Have you dreamed about finding a good home – for yourself or your family?
In the 1930s, many Norwegians had such a dream. Apartments in Norway’s cities were often cramped and run-down — but now the capital city was expanding, and new residential neighbourhoods were popping up. Living conditions were getting better all the time.
On a hot summer’s day in 1936, two radio reporters from NRK, Norway’s national broadcaster, visited a building site in Observatorie Terrasse, close to Solli Plass in Oslo, to make a programme about modern homes.
From NRK 1936:
“Here we have low-rise four-storey buildings, and they’re not squeezed closely together, there’s open space between them. There are large balconies outdoors where people can sit and breathe fresh air and enjoy the sun.
And you can see colossally large windows that let in the light, so there are no longer any dark rooms. It must be so healthy, much healthier to live in these buildings now than it was before.”
Ideas about healthy living and public health characterized social trends in the 1930s, and ideas about how homes in this new era should be practical, light and airy were a prominent feature of the dominant style of early modernist architecture – otherwise known as functionalism in Scandinavia.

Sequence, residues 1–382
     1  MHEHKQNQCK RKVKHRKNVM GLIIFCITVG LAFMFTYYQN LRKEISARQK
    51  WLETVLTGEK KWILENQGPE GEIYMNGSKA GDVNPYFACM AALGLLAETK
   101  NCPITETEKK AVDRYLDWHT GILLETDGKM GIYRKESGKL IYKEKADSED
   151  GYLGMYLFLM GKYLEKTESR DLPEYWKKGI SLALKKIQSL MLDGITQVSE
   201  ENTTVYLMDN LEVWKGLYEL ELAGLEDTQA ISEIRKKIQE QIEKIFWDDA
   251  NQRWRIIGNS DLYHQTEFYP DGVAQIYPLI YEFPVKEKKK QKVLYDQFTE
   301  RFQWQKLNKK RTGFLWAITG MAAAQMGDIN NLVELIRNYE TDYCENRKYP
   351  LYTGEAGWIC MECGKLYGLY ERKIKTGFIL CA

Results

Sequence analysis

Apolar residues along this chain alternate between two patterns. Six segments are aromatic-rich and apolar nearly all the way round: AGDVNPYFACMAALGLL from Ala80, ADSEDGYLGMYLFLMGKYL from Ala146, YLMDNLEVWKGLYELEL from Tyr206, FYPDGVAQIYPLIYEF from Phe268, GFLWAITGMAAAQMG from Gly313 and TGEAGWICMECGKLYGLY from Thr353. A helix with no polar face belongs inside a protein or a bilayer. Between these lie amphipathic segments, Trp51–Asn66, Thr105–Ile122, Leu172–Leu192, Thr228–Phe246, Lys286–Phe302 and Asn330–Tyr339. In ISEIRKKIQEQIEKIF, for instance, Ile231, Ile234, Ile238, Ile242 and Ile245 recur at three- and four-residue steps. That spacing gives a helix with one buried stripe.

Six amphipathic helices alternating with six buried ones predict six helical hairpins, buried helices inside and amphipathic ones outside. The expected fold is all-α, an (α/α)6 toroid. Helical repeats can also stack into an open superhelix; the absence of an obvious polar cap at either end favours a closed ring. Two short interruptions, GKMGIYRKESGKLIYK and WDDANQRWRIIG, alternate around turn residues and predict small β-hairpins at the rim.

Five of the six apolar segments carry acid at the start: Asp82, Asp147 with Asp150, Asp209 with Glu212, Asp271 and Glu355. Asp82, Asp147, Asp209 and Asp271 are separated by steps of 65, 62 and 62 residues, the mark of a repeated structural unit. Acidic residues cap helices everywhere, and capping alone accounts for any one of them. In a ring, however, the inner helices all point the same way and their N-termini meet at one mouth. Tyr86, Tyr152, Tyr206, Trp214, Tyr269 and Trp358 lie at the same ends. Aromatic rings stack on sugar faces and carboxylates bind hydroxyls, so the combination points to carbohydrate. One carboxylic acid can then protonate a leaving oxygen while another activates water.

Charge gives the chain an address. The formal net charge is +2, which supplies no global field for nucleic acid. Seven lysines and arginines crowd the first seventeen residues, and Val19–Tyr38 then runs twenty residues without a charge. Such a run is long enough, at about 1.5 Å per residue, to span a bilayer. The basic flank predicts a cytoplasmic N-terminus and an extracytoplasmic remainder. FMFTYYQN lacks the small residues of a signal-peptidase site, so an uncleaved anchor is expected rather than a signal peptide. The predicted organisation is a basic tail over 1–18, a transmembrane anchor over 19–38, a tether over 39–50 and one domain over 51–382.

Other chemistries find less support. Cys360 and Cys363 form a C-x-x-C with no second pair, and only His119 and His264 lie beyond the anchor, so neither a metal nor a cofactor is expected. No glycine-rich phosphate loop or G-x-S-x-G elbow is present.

The architects Gudolf Blakstad and Herman Munthe-Kaas were behind several early Modernist masterpieces in Oslo, and when they designed the seven blocks in Observatorie Terrasse, they prioritized daylight and clever spatial solutions, and keeping large areas of open space between the buildings. This was something quite different from the dark and old-fashioned tenement buildings in the centre of Oslo.
Many current housing projects in Norwegian cities lack the essential characteristics of Observatorie Terrasse: light, air and green surroundings. Perhaps this is one of the reasons why apartments in typical early Modernist, or ‘Funkis’, buildings continue to be high on the list of Norwegians’ dream homes.